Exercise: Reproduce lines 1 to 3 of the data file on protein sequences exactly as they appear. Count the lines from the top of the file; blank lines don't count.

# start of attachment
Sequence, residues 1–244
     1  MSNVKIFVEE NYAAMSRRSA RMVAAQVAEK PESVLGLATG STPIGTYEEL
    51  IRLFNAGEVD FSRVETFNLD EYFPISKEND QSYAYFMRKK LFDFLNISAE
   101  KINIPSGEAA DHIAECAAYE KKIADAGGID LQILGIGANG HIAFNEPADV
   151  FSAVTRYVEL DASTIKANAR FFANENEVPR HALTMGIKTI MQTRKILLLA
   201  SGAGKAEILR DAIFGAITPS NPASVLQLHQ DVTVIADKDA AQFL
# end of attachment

Sequence, residues 1–244
     1  MSNVKIFVEE NYAAMSRRSA RMVAAQVAEK PESVLGLATG STPIGTYEEL
    51  IRLFNAGEVD FSRVETFNLD EYFPISKEND QSYAYFMRKK LFDFLNISAE